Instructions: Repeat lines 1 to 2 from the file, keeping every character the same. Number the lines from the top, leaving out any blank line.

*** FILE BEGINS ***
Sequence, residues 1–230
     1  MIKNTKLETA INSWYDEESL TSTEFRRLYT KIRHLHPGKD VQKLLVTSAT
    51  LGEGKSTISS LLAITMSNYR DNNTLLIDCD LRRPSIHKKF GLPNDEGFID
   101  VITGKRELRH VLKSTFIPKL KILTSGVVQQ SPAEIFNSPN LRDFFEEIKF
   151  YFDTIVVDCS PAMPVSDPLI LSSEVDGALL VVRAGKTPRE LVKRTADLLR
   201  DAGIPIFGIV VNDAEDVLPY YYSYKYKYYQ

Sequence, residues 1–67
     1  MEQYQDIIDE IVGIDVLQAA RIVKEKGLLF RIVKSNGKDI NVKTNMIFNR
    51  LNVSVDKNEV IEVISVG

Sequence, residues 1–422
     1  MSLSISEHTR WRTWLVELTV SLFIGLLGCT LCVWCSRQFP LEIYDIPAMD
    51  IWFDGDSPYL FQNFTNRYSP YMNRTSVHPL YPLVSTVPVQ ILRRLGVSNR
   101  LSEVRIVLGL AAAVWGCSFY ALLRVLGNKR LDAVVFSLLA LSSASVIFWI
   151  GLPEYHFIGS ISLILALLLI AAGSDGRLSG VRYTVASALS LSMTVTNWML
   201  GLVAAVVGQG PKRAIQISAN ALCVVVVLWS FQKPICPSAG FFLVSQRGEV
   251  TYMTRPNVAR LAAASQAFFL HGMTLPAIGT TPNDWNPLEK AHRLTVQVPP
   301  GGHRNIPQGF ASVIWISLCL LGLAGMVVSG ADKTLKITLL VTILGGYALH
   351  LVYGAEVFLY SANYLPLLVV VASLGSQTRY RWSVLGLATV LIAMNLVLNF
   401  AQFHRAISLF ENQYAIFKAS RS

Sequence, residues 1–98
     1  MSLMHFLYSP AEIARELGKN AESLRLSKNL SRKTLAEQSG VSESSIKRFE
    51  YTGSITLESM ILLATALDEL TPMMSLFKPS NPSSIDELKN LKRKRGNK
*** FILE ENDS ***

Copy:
Sequence, residues 1–230
     1  MIKNTKLETA INSWYDEESL TSTEFRRLYT KIRHLHPGKD VQKLLVTSAT